The number of older people, including those living with dementia, is rising, as younger age mortality declines. However, the age-specific incidence of dementia has fallen in many countries, probably because of improvements in education, nutrition, health care, and lifestyle changes. Overall, a growing body of evidence supports the nine potentially modifiable risk factors for dementia modelled by the 2017 Lancet Commission on dementia prevention, intervention, and care: less education, hypertension, hearing impairment, smoking, obesity, depression, physical inactivity, diabetes, and low social contact. We now add three more risk factors for dementia with newer, convincing evidence. These factors are excessive alcohol consumption, traumatic brain injury, and air pollution. We have completed new reviews and meta-analyses and incorporated these into an updated 12 risk factor life-course model of dementia prevention. Together the 12 modifiable risk factors account for around 40% of worldwide dementias, which consequently could theoretically be prevented or delayed. The potential for prevention is high and might be higher in low-income and middle-income countries (LMIC) where more dementias occur.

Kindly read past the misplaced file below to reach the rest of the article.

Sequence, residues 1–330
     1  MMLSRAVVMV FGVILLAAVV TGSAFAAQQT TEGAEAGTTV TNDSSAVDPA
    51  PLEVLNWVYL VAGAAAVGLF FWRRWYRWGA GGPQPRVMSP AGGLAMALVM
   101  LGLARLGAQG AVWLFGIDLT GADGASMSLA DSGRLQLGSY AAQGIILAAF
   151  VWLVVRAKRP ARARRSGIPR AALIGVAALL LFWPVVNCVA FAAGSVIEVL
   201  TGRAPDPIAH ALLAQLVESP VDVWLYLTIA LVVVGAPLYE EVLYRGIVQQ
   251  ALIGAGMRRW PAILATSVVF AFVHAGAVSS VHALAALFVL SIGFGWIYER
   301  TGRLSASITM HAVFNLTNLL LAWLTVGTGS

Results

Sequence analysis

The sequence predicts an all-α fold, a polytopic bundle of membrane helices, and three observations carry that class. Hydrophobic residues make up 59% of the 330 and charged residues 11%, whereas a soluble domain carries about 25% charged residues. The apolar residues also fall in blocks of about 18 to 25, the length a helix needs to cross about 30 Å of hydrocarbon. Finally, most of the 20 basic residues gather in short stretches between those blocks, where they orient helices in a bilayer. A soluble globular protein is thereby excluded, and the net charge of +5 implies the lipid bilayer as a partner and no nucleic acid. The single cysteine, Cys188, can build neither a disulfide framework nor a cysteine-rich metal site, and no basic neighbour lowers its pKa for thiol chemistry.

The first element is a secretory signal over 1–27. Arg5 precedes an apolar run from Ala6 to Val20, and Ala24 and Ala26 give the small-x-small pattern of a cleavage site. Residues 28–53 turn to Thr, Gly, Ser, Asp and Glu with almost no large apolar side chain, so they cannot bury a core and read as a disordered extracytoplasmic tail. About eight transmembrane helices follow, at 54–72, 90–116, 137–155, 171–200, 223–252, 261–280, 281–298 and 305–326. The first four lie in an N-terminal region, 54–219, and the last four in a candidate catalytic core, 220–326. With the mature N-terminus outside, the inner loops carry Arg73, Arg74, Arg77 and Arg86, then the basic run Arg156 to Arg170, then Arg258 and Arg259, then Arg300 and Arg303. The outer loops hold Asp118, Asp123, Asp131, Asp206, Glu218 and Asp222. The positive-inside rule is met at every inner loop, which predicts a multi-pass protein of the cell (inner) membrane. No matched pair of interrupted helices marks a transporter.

Our new life-course model and evidence synthesis has paramount worldwide policy implications. It is never too early and never too late in the life course for dementia prevention. Early-life (younger than 45 years) risks, such as less education, affect cognitive reserve; midlife (45–65 years), and later-life (older than 65 years) risk factors influence reserve and triggering of neuropathological developments. Culture, poverty, and inequality are key drivers of the need for change. Individuals who are most deprived need these changes the most and will derive the highest benefit.